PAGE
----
Back

Vol. VI, Feb. 2000

 

Prayer Sets the Angels Free (cf. Tob 3,16 ff.)

Dear Brothers in the Priesthood!

The book of Tobit has a double framework: the general story of Tobit's life (ch. 1 and 14) and by the narration of the cause and effect of the Angel's intervention (ch. 2-3 and 13). At the end of Chapter 3 we get the theme of the book: The prayer of man found favor before God and He sent His Angel to help. In chapter 12, the Angel Raphael explained the divine intention or deeper meaning: "When you did not hesitate to ... bury a dead man, I was sent to test your faith" (12,13). This trial, of course, was in view of the great rewards which God desired to shower down upon Tobit. What ever life presents, man's first decisive response ought to be prayer.

1. a) The story starts with an incident that indirectly leads to Tobit's blindness. Parallel to this, Sarah, the daughter of Tobit's relative Raguel in Ecbatana, also suffers a terrible cross, namely, the successive loss of "her bridegrooms one after another". Two lives are apparently being destroyed: blindness reduced the virility of this man to practical powerlessness, and sevenfold death crushed that young lady's natural hopes for life. When both carried their lot with patience and surrender, the further poison of scorn from their own people was added to increase their torment: Tobit's wife reproached him for the uselessness of his good works: "What about your own good works? Everyone knows what return you have had for them" (2,22). Indirectly, she is implying that God was giving him back evil for good. Similarly, Sarah "heard insults from one of her father's maids. ... 'Yes, you kill your bridegrooms yourself'." (3,7 f.) Both conclude it would be best to surrender their life to God, he: "I desire to be delivered from earth!" and she: "I should do better ... to beg the Lord to let me die" (3,6.10).

b) Thus we are presented with two stories of life, the stories of an older and a younger, of a sick and a healthy person, of a man and of a woman. They are decisively marked by some "casual" incidents or by unexplainable causes, and show the huge span of human life, extended from the full brightness of light to impenetrable darkness; in human souls we observe the span from joy and gladness to pain and sadness. However, many do not fail to observe, that the brilliant light of this world gives the present moment a shine resembling eternity, while the darkness in present affairs permits eternity to dawn into the present time.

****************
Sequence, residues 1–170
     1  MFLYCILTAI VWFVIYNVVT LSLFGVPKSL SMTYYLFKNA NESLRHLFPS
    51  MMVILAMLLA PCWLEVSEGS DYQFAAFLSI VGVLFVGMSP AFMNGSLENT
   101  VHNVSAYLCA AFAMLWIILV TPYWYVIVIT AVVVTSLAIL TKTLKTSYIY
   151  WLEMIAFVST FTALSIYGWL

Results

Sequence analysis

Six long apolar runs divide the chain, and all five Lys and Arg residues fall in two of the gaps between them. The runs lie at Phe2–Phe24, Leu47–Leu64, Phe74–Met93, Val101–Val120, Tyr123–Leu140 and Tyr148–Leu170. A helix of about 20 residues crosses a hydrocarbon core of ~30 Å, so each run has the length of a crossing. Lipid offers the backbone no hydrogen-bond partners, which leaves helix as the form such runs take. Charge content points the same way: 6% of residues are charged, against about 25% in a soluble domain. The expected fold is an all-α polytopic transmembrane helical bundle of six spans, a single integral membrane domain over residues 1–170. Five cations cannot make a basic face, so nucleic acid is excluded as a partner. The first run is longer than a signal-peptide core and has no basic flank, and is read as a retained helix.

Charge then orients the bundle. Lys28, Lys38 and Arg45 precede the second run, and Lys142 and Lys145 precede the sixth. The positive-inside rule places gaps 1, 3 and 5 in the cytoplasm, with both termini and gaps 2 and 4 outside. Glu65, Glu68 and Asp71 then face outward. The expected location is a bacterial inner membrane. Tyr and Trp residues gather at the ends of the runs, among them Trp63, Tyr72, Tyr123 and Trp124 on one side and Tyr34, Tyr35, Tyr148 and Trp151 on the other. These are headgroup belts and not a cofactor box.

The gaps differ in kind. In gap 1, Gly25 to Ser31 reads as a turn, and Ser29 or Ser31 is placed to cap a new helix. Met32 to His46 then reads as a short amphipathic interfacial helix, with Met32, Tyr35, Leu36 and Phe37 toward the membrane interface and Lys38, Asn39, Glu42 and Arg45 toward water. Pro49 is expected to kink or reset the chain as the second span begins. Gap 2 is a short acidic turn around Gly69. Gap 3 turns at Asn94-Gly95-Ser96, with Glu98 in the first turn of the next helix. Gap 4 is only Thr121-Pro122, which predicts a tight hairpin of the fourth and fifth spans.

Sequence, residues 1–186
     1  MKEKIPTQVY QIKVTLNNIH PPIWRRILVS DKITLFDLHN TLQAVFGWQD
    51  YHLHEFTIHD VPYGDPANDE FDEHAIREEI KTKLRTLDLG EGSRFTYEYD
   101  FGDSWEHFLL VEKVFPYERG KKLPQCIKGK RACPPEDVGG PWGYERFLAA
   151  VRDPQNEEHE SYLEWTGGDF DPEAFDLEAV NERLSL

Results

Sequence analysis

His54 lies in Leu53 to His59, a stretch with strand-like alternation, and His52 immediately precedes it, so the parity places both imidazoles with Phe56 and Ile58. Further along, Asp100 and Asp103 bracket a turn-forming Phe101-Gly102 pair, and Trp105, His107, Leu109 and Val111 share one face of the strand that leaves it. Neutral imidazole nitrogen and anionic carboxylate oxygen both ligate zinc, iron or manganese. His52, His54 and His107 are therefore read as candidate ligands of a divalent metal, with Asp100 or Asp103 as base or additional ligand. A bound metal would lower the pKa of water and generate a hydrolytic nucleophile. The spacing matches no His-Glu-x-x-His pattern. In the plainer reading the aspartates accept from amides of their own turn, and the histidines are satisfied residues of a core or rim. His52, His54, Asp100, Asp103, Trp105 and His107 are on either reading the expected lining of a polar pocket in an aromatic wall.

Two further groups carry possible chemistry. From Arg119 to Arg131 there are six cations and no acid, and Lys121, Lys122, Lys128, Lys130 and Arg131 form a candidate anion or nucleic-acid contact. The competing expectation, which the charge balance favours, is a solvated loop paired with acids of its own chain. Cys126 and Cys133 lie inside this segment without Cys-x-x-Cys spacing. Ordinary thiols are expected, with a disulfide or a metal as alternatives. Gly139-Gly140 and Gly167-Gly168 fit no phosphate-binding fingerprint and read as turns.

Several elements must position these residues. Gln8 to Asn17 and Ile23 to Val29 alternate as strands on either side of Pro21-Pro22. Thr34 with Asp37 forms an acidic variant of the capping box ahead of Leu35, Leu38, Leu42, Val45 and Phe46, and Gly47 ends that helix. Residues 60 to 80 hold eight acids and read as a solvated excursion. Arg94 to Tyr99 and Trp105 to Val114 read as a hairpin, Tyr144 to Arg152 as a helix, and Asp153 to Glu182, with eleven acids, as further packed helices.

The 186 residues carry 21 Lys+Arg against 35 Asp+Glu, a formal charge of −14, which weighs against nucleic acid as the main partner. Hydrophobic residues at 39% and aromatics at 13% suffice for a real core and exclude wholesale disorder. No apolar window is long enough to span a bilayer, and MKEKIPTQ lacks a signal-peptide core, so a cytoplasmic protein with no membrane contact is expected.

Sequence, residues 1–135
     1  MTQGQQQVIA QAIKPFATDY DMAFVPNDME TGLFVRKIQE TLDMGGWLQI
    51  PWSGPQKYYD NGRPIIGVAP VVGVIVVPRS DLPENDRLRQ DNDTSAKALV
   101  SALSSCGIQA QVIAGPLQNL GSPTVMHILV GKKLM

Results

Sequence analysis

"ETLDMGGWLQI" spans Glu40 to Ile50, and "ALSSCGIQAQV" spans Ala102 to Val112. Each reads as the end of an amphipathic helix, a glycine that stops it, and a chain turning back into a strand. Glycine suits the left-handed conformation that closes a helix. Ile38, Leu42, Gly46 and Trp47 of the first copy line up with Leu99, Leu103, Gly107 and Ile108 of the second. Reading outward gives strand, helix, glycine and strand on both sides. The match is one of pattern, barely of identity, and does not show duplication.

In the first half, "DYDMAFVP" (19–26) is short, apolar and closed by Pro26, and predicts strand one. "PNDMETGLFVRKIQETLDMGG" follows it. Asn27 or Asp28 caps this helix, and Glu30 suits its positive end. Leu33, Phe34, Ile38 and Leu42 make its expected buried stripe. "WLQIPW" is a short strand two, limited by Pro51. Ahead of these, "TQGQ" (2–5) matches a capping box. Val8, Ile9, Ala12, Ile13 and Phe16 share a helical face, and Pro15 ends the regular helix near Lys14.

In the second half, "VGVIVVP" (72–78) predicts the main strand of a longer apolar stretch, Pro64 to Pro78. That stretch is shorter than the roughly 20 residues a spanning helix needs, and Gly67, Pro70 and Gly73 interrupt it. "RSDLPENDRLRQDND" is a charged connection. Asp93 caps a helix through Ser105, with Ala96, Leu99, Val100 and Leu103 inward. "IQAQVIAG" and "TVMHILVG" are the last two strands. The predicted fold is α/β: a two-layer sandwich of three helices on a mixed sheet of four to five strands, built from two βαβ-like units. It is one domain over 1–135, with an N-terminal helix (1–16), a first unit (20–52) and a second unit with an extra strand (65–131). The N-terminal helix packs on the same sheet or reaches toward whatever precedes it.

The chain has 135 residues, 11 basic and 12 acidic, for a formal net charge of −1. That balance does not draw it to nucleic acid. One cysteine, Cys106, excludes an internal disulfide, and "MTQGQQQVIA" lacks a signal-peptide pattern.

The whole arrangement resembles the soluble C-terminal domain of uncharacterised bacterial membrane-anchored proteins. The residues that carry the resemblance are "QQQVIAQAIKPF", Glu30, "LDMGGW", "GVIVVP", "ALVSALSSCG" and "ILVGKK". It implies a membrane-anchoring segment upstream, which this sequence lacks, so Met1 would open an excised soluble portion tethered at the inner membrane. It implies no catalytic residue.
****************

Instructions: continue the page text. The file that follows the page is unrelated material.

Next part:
This causes man to pause and reflect and to perceive the fundamental law of this life which Jesus taught: "Anyone who loves his life loses it; anyone who hates his life in this world will keep it for the eternal life" (Jn 12,25; cf. Mt 16,25). This is the basis for the development of the spiritual doctrine on the "nights" of the senses and of the spirit by St. John of the Cross, of the active and the passive purifications. It all comes down to this: The "darkness" imposed upon the soul hides the numerous erroneous ways and false hopes in this world while sharpening the interior eye for the true and unique way to salvation. The "darkness" of the soul frees man from wrong evaluations and estimations, and frees the soul from its egoistic desires as storm winds clean a tree of its dead leaves. The spiritual "darkness" dissolves the links of the soul to creatures and binds it more strongly to the Creator, it draws it towards death as the door to eternity. The "darkness" of the soul purifies the soul and awakens its deeper powers, it prepares it for the communion with God through supernatural faith, hope and charity and in prayer! (For the concept "night" cf. St. John of the Cross, Ascent, I,1-5 and Dark Night, I,8-13; II,5-13).

c) Life with its deceptions made Tobit and Sarah "sick to death", they fell into a deep depression. However, through a more mature prayer they were able to find their way to God: they lifted up their hearts to God, and "this time the prayer of each of them found favor before the glory of God" so that "Raphael was sent to bring remedy to them both. He was to take the white spots from the eyes of Tobit, so that he might see God's light with his own eyes; and he was to give Sarah, the daughter of Raguel, as bride to Tobias son of Tobit, and to rid her of Asmodeus, that worst of demons" (3,16-17). Life, when sustained by grace, is man’s best schoolmaster, it purifies and educates its disciple to be of humble heart. It opens him spiritually and causes him to thirst for God the Savior, and that is what prayer should be, "the encounter of God's thirst with ours. (And) God thirsts that we may thirst for Him" (CCC 2560).This encounter sets the Angels free, it breaks the restraints that the free will of man opposes to them by his lack of cooperation.

2. That is the reason, why the Sacred Text refers on this occasion to the Angel's interventions. The communication between man and Angel is mainly a question of prayer.